iPhone sideloading battle was pointless at best, harmful at worst
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Apple put up a lengthy fight against being forced to allow iPhone sideloading – the ability for owners to install apps directly from a developer’s website, in the same way we can a Mac app.
The company even went as far as arguing that Macs weren’t safe from malware because users can download apps directly. But ultimately the battle was pointless, and may even have been harmful …
Apple’s fight against sideloading
Apple has been facing growing antitrust pressure for years regarding the App Store – within the US as well as elsewhere. Currently, if you want to sell an iPhone app, you can only do so through the App Store. Apple gets full control over what apps you can and cannot sell, for reasons that often appear arbitrary, and how much commission you must pay to Apple for the privilege.
It has long looked like the company would eventually be required by law to allow third-party app stores, sideloading, or both. Yet Apple has fought hard against both ideas.
Back in 2021, for example, when a bipartisan bill was announced in the US, Apple published a 16-page report that argued that only the company’s own app store could keep iPhone owners safe from scams and malware.
In the report, Apple takes readers on a guided tour of the potential dangers of life without the App Store by detailing the protection the App Store puts into place to prevent unauthorized purchases from children, the protection that Apple gives to your personal photos and videos from prying apps, and the possibility that you could be paying for pirated versions of apps without knowing it.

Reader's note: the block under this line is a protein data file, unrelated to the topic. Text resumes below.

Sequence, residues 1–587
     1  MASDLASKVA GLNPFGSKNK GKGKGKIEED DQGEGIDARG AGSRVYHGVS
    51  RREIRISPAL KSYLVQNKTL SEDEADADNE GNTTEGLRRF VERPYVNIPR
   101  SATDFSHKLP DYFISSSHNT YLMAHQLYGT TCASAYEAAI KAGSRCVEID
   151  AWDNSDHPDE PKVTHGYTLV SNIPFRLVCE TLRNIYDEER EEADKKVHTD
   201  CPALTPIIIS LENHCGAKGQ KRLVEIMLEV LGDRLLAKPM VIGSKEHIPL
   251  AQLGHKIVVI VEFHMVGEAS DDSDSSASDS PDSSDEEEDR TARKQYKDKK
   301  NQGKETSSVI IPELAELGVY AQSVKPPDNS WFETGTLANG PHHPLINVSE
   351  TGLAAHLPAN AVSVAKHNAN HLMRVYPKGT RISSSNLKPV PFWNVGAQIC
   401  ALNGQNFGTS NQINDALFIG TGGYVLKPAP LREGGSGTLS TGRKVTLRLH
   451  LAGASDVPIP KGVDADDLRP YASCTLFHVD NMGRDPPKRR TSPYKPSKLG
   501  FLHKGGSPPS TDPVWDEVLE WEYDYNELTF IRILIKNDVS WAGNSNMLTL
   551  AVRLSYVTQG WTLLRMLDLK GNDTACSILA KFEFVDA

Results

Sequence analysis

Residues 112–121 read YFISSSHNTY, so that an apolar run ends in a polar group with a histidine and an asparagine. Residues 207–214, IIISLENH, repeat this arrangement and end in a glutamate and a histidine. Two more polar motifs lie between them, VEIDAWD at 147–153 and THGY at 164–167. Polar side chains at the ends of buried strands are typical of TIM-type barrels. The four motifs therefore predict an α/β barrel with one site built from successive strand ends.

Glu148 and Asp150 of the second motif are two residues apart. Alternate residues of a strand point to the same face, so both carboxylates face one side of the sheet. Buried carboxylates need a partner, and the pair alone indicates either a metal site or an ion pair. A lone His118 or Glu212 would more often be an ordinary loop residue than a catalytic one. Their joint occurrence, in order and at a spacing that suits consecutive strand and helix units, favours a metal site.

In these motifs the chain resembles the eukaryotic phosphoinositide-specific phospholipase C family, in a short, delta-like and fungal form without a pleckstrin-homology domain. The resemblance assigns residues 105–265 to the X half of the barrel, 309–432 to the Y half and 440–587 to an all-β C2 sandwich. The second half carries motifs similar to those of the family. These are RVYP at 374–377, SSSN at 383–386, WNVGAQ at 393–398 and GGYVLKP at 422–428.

The company’s privacy head Eric Neuenschwander went as far as suggesting that iPhone users who wanted to continue to use the official App Store could be fooled into using third-party ones.
Even users who intend—they’ve consciously thought themselves that they are only going to download apps from the App Store—well, the attackers know this, so they’re going to try to convince that user that they’re downloading an app from the App Store even when that’s not happening.
Apple’s software head Craig Federighi went even further, throwing the Mac under the bus in the…